(AFP) – Aug 18, 2008
BEIJING (AFP) — Mark Rowswell, Team Canada's cultural attache, is virtually unknown outside China, but a mastery of Mandarin street talk has made him China's best-known foreigner and a valuable asset for his native country.
Under his Chinese name, "Dashan", which means big mountain, the 186-centimetre (six-foot-two-inch) Rowswell has been part of Olympic events including the launch of the "One World, One Dream" slogan, unveiling mascots and running a leg of the torch relay.
At one point during the Olympic opening ceremony, Chinese television cameras panned past the parading athletes to zero in on a tall, bespectacled Canadian drawing huge cheers.
He has also helped bridge both sides of the linguistic divide by hosting China Central Television's "Olympics English" -- popular with Chinese cabbies -- and "Sports Chinese" for expats eager to bond over sports.
"This to me is the ultimate event where East and West are coming together for three weeks," he told AFP in an interview. "It's natural I would want to be in the middle of it."
In a country where accepted wisdom is that outsiders can never be fully accepted, Dashan occupies a unique place as someone reputed to be more Chinese than the Chinese -- and his popularity is extraordinary.
Walking through restricted areas around the Olympic Green toward the Bird's Nest, Rowswell was constantly greeted with "Hello Dashan!" and requests for photos from volunteers, mail men and Chinese journalists.
"These are all people I've never met in my life but they treat me like I'm an old friend," said the 43-year-old, who is married to a Beijing woman and has two young children.
Rowswell still rides the subway in Beijing, where his family lives for half the year, while spending the rest of their time on a farm north of Toronto.
He has witnessed massive changes in the two decades since he first appeared on television months before the 1989 Tiananmen Square protests.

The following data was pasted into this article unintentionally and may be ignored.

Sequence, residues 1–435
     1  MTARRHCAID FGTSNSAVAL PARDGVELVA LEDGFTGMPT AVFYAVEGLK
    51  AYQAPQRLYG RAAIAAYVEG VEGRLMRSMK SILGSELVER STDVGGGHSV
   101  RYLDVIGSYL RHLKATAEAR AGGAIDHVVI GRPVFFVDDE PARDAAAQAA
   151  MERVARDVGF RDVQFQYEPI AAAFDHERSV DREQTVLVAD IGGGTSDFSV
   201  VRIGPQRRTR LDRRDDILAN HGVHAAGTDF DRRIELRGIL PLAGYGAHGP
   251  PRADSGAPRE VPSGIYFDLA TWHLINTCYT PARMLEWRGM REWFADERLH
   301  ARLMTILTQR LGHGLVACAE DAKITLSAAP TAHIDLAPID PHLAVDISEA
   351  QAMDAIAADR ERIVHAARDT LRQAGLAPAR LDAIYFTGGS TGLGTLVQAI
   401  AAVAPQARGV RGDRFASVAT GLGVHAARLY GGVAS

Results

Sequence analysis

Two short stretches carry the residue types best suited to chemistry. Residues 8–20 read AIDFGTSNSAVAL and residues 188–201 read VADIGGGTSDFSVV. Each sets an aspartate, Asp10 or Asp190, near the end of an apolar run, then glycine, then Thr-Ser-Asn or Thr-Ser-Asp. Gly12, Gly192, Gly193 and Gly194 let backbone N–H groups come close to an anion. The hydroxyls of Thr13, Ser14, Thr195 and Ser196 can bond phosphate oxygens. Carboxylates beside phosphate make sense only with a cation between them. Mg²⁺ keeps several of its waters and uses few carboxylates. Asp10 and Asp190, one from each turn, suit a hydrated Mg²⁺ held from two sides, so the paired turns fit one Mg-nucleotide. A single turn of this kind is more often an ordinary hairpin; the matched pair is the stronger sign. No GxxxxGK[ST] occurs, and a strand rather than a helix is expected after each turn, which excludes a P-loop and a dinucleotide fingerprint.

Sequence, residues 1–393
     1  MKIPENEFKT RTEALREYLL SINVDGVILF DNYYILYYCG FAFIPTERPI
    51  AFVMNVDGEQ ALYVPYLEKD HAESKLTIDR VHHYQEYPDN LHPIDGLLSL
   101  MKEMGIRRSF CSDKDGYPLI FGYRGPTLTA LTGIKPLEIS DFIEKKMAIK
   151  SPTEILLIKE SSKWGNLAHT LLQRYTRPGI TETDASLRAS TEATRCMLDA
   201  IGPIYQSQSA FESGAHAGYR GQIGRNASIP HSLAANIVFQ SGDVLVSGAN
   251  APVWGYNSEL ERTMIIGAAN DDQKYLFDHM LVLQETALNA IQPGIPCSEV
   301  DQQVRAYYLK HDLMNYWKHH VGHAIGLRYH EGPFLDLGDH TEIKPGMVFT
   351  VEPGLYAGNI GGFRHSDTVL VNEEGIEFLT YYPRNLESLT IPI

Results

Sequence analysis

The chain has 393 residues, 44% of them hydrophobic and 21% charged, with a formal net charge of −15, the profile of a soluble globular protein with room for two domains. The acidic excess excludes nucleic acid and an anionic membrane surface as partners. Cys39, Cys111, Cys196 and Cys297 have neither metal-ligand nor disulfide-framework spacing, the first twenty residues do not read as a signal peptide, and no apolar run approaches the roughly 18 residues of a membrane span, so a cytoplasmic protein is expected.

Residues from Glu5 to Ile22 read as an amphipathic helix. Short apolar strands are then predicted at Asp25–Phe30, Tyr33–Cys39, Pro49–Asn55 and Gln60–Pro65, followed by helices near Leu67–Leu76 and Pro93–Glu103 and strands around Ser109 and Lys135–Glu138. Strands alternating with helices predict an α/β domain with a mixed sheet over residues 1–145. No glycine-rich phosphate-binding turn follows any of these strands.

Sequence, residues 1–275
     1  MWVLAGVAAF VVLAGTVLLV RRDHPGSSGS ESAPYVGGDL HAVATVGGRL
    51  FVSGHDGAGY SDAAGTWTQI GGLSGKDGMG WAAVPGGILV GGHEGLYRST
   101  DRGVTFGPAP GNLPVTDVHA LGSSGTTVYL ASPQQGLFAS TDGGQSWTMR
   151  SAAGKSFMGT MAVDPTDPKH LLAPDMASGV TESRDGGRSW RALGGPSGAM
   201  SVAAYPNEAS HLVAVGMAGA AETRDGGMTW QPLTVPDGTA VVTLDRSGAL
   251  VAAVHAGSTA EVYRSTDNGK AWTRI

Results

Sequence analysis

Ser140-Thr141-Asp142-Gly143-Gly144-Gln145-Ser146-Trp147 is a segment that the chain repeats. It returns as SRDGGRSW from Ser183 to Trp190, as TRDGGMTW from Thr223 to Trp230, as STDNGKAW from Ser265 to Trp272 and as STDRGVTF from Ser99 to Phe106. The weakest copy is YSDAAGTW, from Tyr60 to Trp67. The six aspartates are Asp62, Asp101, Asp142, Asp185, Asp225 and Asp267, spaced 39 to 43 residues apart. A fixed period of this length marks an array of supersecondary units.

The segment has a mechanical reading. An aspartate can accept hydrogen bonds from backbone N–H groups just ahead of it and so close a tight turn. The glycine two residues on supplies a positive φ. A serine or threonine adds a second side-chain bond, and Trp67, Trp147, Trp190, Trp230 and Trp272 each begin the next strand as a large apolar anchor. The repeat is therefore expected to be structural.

He said that China had now become so cosmopolitan, he probably would not be able to launch his career in 2008 as the novelty of a foreigner speaking Chinese had long worn off.
His unlikely rise began with a chance encounter two months after arriving at Beijing University in 1988.
A television producer was looking for a Chinese-speaking foreigner to co-host a show featuring European and Chinese singers performing Chinese songs.
Rowswell had a slight edge over most of his fellow students because he had been studying Chinese for four years in Toronto, but he still spoke with a heavy accent on the programme.
But it was enough to earn an invitation to play a character called Dashan in a New Year's special comedy sketch.
The sketch was a highlight of the show seen by more than 550 million people nationwide.
They brought him back the following year, but this time he appeared alongside a top comedian performing "xiangsheng", a tricky traditional form of comedy combining rapid-fire banter, tongue twisters and double meanings.
It did not come easily, but after much practice and coaching he pulled it off, he said.
"That's the one that really blew people's minds because here's this guy we remember from last year and all of a sudden his accent is gone and he's doing this art form," Rowswell said.
Rowswell performed similar routines for more than a decade but for the past eight years has branched out into other work. During the Olympics, he is appearing mostly on Beijing television as a commentator.
As the torch relay ran through Beijing before the start of the Games, he was asked to speak on a live broadcast -- circumstances he believes were only permitted because producers did not consider him a foreign guest.
At these times, he said his role was to be polite and honest. He was asked to explain the protests overseas during the relay.
"It's a lot like the Americans that way," Rowswell said. "Americans go overseas and they see the way people see them is very different from the way Americans see themselves. It's the same thing with the Chinese."
His role with the Canadian team has involved similarly trying to close gaps in understanding between Canadian and Chinese officials.
Navigating China life is difficult, he said, adding he empathises with all foreigners who make an effort to speak Chinese and inevitably get compared to a certain entertainer.
"You get into a taxi and you ask to go to your destination in Chinese," he said. "The comparison is always your Chinese is very good, almost as good as Dashan, or not quite as good as Dashan. I actually get it myself."
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